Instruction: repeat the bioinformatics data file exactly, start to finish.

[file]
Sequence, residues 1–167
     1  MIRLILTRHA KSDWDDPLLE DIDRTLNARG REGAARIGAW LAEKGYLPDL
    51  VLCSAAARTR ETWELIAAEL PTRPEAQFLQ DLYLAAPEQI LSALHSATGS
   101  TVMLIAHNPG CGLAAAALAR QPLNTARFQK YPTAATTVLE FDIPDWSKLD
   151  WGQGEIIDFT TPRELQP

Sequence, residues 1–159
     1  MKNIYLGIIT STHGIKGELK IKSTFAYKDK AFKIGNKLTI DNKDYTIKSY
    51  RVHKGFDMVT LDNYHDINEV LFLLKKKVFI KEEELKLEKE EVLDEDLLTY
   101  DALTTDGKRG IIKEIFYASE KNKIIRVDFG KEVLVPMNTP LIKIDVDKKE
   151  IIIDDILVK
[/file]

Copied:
Sequence, residues 1–167
     1  MIRLILTRHA KSDWDDPLLE DIDRTLNARG REGAARIGAW LAEKGYLPDL
    51  VLCSAAARTR ETWELIAAEL PTRPEAQFLQ DLYLAAPEQI LSALHSATGS
   101  TVMLIAHNPG CGLAAAALAR QPLNTARFQK YPTAATTVLE FDIPDWSKLD
   151  WGQGEIIDFT TPRELQP

Sequence, residues 1–159
     1  MKNIYLGIIT STHGIKGELK IKSTFAYKDK AFKIGNKLTI DNKDYTIKSY
    51  RVHKGFDMVT LDNYHDINEV LFLLKKKVFI KEEELKLEKE EVLDEDLLTY
   101  DALTTDGKRG IIKEIFYASE KNKIIRVDFG KEVLVPMNTP LIKIDVDKKE
   151  IIIDDILVK